Thrush is common but, thankfully, also easily treated.
Thrush is a common infection among horses. It is caused by the bacteria spherophorus neaophorus and results in a strong, foul odor and black discharge. The bacteria eats the tissue around the horse’s frog, the triangular portion of the heel that sits between the sole, wall and bars. The infection does not usually lead to lameness, although this is a possibility if left untreated.
“Thrush is most common in horses with unhealthy frogs.”
How do horses get thrush?
According to Practical Horseman, the idea that horses develop thrush because they stand in an unclean environment is incorrect. Thrush is actually most common in horses with unhealthy frogs. These frogs are generally smaller than they should be and somewhat out of proportion – that is, their width is less than 70 percent of their length. An unhealthy frog also does not align with the rest of the foot’s surface, and therefore, does not touch the ground the way a healthy frog should. It’s small size and lack of contact with the ground causes it to atrophy, creating deep grooves that are a perfect environment for bacteria.
If your horse’s frogs recede, have your farrier trim the hoof so the frog and the heels of the hoof capsule are aligned and both touch the ground. This will also help an infected frog heal more quickly.
Even though a dirty stall does not cause thrush directly, it is best to keep your horse’s environment clean and dry. Additionally, as Equus Magazine notes, your horse’s hooves expand and contract with each step, pushing out dirt and thrush-causing bacteria.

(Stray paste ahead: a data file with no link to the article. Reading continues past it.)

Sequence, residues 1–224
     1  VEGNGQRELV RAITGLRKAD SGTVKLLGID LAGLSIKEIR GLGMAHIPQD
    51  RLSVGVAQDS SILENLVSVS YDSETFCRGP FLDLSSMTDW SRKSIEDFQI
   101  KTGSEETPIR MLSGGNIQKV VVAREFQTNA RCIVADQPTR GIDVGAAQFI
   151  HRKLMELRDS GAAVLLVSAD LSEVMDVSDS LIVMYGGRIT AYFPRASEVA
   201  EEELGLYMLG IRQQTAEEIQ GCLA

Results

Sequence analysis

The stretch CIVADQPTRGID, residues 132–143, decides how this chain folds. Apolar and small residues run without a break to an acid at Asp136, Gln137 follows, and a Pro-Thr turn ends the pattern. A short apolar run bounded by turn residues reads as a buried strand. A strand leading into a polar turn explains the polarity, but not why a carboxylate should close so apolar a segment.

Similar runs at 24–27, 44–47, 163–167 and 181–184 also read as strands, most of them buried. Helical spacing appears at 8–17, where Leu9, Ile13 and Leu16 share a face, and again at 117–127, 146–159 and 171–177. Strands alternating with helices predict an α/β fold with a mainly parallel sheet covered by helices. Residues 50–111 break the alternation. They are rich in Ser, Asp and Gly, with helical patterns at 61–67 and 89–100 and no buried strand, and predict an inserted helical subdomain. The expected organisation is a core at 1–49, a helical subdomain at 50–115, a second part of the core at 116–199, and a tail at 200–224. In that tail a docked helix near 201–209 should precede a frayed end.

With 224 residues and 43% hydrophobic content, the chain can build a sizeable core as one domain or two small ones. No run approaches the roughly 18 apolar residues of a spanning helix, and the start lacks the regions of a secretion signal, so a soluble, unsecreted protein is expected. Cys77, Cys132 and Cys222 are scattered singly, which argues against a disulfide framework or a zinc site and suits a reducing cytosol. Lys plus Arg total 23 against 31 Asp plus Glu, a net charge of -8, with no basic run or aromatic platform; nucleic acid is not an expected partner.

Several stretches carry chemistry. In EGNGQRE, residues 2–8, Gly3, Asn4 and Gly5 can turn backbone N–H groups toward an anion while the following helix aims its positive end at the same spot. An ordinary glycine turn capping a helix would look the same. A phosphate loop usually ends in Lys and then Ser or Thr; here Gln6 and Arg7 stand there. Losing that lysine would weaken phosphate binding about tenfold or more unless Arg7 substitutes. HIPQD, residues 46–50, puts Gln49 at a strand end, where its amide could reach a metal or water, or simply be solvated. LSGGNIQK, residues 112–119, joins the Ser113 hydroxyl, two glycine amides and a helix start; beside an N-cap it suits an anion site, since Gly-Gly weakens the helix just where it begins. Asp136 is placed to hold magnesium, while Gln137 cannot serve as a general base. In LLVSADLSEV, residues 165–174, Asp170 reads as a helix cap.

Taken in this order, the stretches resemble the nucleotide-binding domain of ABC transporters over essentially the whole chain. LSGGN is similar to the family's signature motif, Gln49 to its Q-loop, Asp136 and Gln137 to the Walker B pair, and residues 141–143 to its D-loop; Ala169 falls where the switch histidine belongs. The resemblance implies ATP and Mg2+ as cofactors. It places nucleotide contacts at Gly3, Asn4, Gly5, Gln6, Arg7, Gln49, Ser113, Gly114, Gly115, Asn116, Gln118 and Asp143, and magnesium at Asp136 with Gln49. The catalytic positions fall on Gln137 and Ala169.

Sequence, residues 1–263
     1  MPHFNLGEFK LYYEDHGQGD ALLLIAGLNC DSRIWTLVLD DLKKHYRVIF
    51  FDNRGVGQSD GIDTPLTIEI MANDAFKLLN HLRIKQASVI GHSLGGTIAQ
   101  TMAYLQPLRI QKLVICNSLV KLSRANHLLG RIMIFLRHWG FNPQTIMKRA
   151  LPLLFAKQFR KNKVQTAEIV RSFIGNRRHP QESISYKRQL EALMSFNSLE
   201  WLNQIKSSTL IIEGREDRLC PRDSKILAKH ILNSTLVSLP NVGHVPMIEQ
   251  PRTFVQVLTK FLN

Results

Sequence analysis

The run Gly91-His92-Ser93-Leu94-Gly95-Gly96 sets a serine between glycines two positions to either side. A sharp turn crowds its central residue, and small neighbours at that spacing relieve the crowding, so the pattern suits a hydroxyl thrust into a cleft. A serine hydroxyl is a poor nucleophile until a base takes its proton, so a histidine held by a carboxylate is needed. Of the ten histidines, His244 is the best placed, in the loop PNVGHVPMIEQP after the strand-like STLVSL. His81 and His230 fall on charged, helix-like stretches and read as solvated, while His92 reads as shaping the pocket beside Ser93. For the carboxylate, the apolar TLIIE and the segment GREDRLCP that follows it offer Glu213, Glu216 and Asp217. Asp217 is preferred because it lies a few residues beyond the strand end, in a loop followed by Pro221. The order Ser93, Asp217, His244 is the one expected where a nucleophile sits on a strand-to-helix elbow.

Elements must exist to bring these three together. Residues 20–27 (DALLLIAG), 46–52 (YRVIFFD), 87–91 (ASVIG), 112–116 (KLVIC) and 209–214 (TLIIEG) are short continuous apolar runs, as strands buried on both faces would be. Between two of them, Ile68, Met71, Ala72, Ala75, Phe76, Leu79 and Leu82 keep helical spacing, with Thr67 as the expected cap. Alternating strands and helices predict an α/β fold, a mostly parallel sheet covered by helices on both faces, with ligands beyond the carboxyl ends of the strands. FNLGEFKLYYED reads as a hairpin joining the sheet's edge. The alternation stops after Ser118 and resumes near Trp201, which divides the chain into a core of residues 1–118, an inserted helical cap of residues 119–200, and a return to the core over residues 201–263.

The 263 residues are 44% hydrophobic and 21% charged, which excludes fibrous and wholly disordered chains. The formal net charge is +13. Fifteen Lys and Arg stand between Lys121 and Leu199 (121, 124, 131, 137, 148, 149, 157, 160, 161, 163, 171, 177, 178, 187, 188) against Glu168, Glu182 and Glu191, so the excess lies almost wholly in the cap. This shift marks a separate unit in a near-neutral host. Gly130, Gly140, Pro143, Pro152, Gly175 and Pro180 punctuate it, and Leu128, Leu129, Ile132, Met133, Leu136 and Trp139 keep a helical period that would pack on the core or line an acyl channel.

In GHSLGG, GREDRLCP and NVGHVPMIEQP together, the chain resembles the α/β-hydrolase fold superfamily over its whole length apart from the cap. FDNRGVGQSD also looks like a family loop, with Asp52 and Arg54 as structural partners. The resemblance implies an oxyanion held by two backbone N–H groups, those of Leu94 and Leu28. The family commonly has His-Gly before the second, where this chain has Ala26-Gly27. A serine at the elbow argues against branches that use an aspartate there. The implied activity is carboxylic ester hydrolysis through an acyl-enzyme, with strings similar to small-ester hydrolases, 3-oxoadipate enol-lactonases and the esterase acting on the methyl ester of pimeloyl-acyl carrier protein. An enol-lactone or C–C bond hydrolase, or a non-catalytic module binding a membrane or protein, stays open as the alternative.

Do not wait until your horse develops thrush to call a farrier. Having a farrier visit regularly keeps your horses hooves healthy and will help you spot an infection before one spreads.
If your horse does develop thrush, keep him or her in a clean environment. Make sure the area and your horse’s hooves are dry, as the bacteria thrives in constant moisture. You may need to switch your horse’s bedding for one that dries quickly such as shavings or saw dust. In addition, you should switch from acidic footing such as shredded conifers. These alter the pH of the soil as they decompose, making it easier for bacteria to grow. These environmental changes help stop your horse’s condition from progressing.
To begin treatment, your farrier will cut away at any diseased tissue, then clean the area with diluted bleach and follow with an astringent. However, the Merck Veterinary Manual advises owners to use a paste made of metronidazole tablets instead of astringent if any sensitive tissue was exposed earlier in the treatment process. You should continue cleaning the hoof as advised by your farrier to prevent the thrush from developing again.
Regular cleanings, exercise and inspections should minimize your horse’s chances of thrush , but it’s not the end of the world if the condition comes back. Just keep an eye on your horse’s frog health and actively address any sole issues.